Review by: David Hurwitz
Artistic Quality: 8
Sound Quality: 9
Here’s a mostly excellent disc, smartly programmed to offer an appealing mix of familiar and less-known music. Soprano Lise Davidsen seems to be all over the place these days. She’s the real deal, an intelligent and affecting singer with the vocal heft and secure technique to do justice to just about anything she tries. Let’s hope her current popularity doesn’t result in a premature vocal blowout. Her Luonnotar is beautiful, but just a hair too fast. This of course makes it easier to sing, but there’s more mystery and atmosphere in the music than Gardner and Davidsen realize here. It’s my only quibble about this otherwise wholly desirable program.
As for the rest: this Tapiola has all of the eerie strangeness missing in Luonnotar–and let’s face it: Is there a more alien and spooky sounding work out there, by anyone? Gardner is so adept at easing the music from one section to another that you have to wonder why he was in such a rush in Luonnotar? The Pelleas and Melisande music goes splendidly, each of its numbers played to the hilt, with Melisande at the Spinning Wheel and the following Entr’acte especially memorable. Rakastava (The Lover) is an odd arrangement for strings (with triangle and timpani) of an original vocal work. Seldom performed and melodically elusive, it’s good to hear a fresh new version. Spring Song is another rarity. It’s hymn-like opulence sounds strangely un-Sibelian, although it represents perhaps the most extended example of a very characteristic aspect of his musical personality. It’s splendidly done, its successive climaxes especially well-judged by Gardner.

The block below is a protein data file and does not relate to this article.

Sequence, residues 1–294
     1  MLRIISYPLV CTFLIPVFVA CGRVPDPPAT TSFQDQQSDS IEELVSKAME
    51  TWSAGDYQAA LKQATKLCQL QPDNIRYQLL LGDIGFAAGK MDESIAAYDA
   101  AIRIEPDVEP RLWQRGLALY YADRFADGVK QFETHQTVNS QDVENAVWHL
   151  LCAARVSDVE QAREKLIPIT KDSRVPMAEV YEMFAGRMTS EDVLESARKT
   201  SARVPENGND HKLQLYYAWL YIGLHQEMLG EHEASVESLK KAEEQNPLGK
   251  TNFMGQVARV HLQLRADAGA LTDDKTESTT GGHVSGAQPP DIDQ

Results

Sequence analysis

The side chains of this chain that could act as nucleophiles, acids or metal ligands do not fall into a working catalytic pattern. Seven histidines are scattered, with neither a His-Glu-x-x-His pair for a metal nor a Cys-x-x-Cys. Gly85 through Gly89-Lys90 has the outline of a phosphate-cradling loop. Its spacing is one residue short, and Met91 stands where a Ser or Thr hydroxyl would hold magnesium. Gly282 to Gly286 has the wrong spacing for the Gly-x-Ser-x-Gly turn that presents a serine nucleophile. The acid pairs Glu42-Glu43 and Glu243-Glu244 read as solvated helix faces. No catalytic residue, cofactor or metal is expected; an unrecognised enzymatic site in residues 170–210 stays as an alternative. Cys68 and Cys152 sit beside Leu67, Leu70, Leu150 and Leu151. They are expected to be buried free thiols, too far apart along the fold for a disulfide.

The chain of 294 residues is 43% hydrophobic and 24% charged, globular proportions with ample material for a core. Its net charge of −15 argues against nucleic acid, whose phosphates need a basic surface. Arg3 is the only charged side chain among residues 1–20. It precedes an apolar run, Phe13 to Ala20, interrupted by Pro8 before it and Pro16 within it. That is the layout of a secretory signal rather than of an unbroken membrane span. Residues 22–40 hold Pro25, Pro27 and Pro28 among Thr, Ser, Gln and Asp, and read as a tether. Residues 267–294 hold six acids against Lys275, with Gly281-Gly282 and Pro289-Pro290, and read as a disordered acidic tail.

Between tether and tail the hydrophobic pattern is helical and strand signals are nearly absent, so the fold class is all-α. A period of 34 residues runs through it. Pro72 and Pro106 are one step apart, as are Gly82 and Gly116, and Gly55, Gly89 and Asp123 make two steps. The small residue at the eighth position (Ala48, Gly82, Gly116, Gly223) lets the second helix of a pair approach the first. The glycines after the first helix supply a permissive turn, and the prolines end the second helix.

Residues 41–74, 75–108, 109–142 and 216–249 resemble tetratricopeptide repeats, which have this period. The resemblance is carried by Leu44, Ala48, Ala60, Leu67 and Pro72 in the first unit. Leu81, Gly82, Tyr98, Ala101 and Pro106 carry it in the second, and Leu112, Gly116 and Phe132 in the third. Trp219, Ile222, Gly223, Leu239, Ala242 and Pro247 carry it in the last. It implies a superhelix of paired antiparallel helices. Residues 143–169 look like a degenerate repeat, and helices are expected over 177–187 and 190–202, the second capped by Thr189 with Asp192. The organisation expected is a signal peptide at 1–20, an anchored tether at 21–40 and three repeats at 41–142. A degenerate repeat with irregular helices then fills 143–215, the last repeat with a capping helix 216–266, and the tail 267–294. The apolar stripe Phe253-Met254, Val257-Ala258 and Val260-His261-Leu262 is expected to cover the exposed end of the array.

As you might have guessed, the Bergen Philharmonic sounds terrific, as do the sonics. Never mind the unfortunately zippy Luonnotar. This is great stuff.
Reference Recording: Luonnotar: Bryn-Julson/Gibson (Chandos)